Adverse employment actions: Employers are prohibited from taking adverse employment actions, such as termination or demotion, against employees because of their religion or religious practices.
Segregation: Employers are prohibited from segregating employees based on their religion. For example, an employer cannot assign an employee to a different work location or shift because of their religion.
Recruitment and hiring: Employers are prohibited from discriminating against job applicants based on their religion. This can include refusing to hire someone because of their religious dress, affiliation, or beliefs.
The harassment has to rise to the level of ‘severe and debilitating’. Moreover, if a supervisor notices discriminatory conduct and takes no action to stop it, the employer’s firm may be held liable for creating a hostile work environment.
What is Workplace Religious Harassment?
The Fair Employment and Housing Act (FEHA) prohibits the harassment of individuals based on their religious beliefs. Harassment in this case is considered unlawful if it has been motivated by the individual’s religious affiliation, and has created an inhospitable work environment for the employee. Actions that are indicative of harassment include gestures, written comments, and verbal comments regarding an individual’s clothing, hair, practices, etc. Taunting, mocking, or even outright forcing someone to conceal their religious beliefs at work (e.g. making fun of/prohibiting pieces of clothing related to an employee’s religion) can be mentally draining on an employee. If this behavior leads to lost opportunities in the workforce due to reluctance to give up religious practices, it may even be considered a form of discrimination. Consider speaking with a Los Angeles religious harassment attorney from our firm about your unique situation.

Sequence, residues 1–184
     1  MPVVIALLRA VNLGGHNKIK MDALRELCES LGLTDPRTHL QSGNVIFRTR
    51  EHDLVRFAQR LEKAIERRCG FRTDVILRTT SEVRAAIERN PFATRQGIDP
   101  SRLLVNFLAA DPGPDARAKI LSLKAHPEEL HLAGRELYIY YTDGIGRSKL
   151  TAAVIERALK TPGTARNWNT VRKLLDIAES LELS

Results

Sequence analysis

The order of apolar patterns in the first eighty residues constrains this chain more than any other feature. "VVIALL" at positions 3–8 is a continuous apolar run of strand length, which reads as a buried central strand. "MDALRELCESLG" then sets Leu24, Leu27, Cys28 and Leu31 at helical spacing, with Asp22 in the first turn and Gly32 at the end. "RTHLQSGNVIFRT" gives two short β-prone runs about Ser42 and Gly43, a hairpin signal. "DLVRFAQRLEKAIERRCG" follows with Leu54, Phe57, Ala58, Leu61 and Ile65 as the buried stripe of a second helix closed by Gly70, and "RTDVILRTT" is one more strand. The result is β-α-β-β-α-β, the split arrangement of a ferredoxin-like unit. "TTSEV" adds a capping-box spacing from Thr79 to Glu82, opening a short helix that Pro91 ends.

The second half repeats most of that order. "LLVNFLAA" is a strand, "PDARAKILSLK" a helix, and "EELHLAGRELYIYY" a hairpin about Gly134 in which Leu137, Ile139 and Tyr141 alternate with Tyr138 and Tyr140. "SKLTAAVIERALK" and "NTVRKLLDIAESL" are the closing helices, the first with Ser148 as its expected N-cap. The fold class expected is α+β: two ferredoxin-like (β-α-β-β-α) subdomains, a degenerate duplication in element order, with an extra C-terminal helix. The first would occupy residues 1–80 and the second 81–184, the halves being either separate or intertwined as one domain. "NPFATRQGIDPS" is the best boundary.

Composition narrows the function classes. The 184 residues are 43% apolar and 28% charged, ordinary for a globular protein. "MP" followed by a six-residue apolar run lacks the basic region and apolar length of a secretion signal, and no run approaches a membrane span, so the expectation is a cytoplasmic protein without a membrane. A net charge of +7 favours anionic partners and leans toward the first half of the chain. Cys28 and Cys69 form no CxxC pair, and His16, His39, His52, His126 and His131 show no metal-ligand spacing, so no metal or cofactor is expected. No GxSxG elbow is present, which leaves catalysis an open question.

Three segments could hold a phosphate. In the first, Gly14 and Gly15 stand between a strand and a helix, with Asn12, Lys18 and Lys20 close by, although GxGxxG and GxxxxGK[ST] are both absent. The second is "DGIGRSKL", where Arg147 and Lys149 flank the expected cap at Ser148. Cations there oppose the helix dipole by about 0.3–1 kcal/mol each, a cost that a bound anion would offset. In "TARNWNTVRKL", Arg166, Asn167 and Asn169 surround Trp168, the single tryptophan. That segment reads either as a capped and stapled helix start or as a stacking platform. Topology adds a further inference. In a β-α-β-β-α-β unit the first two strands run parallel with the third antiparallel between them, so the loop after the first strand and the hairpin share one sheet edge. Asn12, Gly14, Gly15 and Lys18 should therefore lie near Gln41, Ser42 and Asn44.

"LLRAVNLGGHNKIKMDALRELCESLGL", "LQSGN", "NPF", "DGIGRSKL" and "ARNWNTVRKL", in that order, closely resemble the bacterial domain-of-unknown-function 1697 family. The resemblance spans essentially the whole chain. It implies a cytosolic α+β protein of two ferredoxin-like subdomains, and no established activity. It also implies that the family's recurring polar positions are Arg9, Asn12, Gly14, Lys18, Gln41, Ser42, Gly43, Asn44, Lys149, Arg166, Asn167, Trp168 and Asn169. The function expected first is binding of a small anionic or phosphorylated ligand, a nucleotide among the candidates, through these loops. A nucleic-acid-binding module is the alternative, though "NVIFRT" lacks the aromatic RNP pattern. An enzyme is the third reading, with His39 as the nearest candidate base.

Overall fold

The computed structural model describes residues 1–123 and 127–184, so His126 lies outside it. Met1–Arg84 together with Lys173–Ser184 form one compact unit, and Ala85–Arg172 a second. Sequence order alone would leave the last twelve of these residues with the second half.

Harassment of any kind is difficult to punish, as it is difficult to prove that the comments were made with malicious intent. However, by using statistics from within the workplace, it is possible to convince a judge that the comments were meant to be insulting. Even if comments are made sparingly, they can still have a damaging effect on employees of any religious affiliation.
In order for the plaintiff to have the strongest case possible, it is important that the employee has made it clear to the perpetrators that their comments and actions have been bothering them and that they wish it to stop. When possible, it is also important that the employee report this type of behavior to a supervisor; by law, employers are required to take all reasonable actions to prevent harassment in the workplace. If the harassment continues, the complainant will have a stronger case based on the fact that they discussed the harassment with the violator as well as the supervisor. It is important for an employee to know and understand their rights in the workplace, but it is equally important to know what is expected of employers.
The California Workplace Religious Freedom Act
In 2013, California expanded the protections against religious discrimination by enacting The California Workplace Religious Freedom Act. It gives employees the right to wear religious garments and follow grooming standards that accord with their religion. The employer must make these accommodations unless they can prove that they would pose a substantial hardship or expense. This raises the burden on employers under State law; the Federal law only imposes a showing that accommodation would be more than a ‘minimal’ expense.